A cornerstone plan to build three new super-jails has been abandoned by Jack Straw, the justice secretary, handing a victory to prison reform groups, governors, opposition MPs and the chief inspector of prisons.
The proposals for the 2,500-capacity “titan” prisons met with almost universal opposition because of fears they would create US-style “warehousing” of offenders and fail in the basic aims of rehabilitation.
The Ministry of Justice said on Friday that the plans had been abandoned because of fierce opposition from reform groups, although Whitehall sources denied opposition claims that the £2.3bn ($3.3bn) prison-building programme was changed because of the spending cuts heralded in this week’s Budget.
Mr Straw will announce as early as Monday that he will instead commission five smaller 1,500-capacity prisons, roughly the size of HMP Wandsworth, the country’s biggest jail. But the Home Office insisted it was sticking to capacity targets introduced after Lord Carter of Coles’ 2007 prisons review. “We remain on course to increase the total number to 96,000 by 2014.”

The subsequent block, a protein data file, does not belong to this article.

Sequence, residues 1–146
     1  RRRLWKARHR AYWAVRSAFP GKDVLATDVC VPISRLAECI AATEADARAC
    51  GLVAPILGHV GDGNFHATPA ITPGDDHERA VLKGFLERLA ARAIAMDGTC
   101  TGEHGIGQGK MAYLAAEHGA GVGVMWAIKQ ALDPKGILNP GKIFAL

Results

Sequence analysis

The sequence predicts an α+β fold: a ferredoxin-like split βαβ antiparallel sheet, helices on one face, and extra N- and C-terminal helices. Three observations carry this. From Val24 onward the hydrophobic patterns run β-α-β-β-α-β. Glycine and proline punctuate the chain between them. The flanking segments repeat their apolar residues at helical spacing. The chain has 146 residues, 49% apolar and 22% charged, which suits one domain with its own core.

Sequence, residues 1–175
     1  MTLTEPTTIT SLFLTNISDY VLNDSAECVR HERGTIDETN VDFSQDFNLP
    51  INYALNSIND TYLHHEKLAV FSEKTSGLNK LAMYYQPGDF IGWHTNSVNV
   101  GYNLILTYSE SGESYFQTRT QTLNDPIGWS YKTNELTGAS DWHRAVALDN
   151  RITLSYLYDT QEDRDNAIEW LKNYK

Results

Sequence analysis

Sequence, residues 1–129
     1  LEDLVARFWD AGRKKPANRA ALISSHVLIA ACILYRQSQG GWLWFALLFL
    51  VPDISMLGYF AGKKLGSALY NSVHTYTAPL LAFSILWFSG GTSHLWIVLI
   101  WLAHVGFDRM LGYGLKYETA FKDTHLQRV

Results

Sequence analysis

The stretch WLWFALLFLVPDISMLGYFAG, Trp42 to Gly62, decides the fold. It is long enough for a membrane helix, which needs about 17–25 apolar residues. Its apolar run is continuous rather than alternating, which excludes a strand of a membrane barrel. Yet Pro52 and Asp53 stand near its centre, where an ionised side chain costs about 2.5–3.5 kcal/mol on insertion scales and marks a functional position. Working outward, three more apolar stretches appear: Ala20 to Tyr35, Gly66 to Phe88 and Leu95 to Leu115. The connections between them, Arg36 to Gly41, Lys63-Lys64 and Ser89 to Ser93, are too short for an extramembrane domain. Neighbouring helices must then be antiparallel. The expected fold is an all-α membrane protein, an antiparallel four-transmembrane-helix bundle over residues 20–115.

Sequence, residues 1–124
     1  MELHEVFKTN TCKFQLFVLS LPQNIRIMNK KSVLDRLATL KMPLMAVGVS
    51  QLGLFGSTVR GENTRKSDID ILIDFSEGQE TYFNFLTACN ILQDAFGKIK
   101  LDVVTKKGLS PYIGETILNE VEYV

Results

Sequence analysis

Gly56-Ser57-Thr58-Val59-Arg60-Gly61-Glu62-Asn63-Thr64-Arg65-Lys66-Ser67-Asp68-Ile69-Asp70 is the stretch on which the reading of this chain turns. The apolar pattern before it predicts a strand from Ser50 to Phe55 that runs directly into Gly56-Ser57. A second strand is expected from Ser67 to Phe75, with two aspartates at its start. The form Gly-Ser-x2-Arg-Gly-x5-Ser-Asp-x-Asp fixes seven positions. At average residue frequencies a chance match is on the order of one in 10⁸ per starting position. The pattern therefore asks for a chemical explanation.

Dominic Grieve, shadow justice secretary, said: “Since the Prison Service faces a black hole of £400m, it is hard to take seriously claims that this decision is nothing to do with the fact the government has run out of money.”
He did, though, welcome the decision. “Warehousing offenders in hulks twice the size of Wembley stadium was never going to address increased levels of re-offending.”
David Howarth, the Liberal Democrat justice spokesman, said it was “disappointing that ministers remain committed to lavishing billions on five more prisons, which will be filled as soon they are built”.
Juliet Lyon, director of the Prison Reform Trust, called for spending to be shifted to treatment for addicts, healthcare for the mentally ill and community service.
Mr Straw is expected to announce immediate plans to build two of the five 1,500 capacity prisons, with the rest following later.
The first titan prison was to be built close to London, with the others planned for the other priority areas of the West Midlands and north-west of England. Instead, the first two 1,500-place prisons will be built in one of the priority areas.
Some £1.2bn has already been set aside for the building programme, although the Ministry of Justice was planning to seek an additional £1.1bn.
The competition to build the prisons remains open to the private sector through a process of “market testing”, including a measure of cost effectiveness.
G4S, Serco and Kalyx, a subsidiary of Sodexo of France, have been involved in building and running British prisons since the 1990s.
John Cridland, the CBI deputy director-general, said on Friday that the private sector’s “experience needs to be brought to bear in any future plans”.